Alignment connects the physical to the spiritual:

“The whole idea in yoga – is that it is a purification. It’s physical, physiological, and psychological purification as well as an inner alignment with your authentic self. So that comes back to the heart again. When somebody is properly aligned, not only do they have the benefit of good health in their body and a sense of nourishment for their organs, calm for their nervous system; Not only do they have those aspects – but their body is ready for the spiritual endeavor. Their minds are ready for the spiritual endeavor. And then they can move in that direction. It’s all there. It’s all part of alignment and action based yoga.”

 Building strong and effective sequences;

“When a student finishes class, their physiology, their anatomy, their nervous system, their mind – everything is in neutral and content. And that’s what a good sequence does. However most people don’t understand the deeper principles of sequencing. My 300/500 hour students are with me for 2 years because it takes that long to really learn to apply the sequencing principles. It just takes time. You build your sequence like a good piece of music. It starts slowly, it would build and then there would be resolution and completion. So that’s what a good sequence could do.”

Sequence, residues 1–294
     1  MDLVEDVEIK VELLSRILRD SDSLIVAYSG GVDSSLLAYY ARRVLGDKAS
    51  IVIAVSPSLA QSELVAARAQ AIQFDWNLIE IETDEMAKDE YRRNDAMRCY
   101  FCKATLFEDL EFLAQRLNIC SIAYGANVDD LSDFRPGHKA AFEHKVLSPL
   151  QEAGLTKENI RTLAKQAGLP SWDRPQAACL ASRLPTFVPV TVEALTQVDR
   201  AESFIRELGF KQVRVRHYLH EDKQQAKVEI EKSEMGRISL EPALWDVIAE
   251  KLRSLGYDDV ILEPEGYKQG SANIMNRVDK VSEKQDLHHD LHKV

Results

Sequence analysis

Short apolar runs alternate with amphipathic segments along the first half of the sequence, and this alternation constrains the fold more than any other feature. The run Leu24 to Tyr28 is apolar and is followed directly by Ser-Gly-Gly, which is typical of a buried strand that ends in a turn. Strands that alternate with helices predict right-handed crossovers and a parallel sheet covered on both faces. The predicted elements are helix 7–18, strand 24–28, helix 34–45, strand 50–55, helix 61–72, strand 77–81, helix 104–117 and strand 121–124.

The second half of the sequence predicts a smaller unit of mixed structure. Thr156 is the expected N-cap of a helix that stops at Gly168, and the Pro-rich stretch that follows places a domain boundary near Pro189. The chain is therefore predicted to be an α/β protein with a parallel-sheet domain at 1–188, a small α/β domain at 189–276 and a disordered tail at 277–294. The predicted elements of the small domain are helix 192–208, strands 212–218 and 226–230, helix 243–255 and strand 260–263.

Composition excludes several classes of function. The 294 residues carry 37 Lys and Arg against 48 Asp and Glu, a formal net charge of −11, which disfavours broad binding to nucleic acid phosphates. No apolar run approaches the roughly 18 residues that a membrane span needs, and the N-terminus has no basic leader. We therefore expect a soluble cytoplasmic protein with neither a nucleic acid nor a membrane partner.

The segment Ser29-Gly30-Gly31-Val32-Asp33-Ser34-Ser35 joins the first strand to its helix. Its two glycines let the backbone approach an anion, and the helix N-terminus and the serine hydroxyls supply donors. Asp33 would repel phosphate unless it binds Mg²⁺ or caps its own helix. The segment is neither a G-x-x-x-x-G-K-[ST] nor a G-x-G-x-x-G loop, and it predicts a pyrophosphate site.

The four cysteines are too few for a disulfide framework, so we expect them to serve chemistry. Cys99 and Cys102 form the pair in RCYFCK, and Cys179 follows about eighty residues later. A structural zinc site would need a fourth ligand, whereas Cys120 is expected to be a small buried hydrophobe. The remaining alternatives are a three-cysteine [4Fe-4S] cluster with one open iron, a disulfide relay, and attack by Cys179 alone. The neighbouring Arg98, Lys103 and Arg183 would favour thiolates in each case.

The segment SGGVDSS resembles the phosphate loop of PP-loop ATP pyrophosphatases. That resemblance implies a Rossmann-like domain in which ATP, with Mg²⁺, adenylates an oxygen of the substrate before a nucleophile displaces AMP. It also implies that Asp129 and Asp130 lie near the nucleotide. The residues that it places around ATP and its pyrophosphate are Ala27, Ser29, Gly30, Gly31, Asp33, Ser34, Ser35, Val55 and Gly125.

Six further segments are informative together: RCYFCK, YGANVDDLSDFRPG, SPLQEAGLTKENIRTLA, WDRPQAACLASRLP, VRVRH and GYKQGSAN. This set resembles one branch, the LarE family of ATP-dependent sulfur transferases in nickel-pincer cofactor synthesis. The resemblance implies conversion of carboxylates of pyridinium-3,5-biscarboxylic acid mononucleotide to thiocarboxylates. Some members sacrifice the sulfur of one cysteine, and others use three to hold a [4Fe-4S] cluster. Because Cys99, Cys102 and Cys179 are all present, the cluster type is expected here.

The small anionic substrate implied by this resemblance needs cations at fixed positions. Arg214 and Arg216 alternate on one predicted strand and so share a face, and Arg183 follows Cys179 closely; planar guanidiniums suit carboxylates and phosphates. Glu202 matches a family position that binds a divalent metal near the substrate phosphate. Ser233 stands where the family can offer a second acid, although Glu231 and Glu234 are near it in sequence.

Sequencing as a living art

“Knowing the principles of sequencing gives the teacher full creative expression about how to serve the students that are in front of them. So it never becomes dogmatic. It never becomes a dead art, it becomes a living art. So understanding the principles is what makes it that living art.”

 The ability to truly help people and make a positive contribution through yoga

“The teacher who’s really looking to make a contribution with yoga as a healing art and a service to others to help improve the quality of their lives, is going to be interested in my training because they’re going to gain confidence in knowing what they can accomplish.”

The End.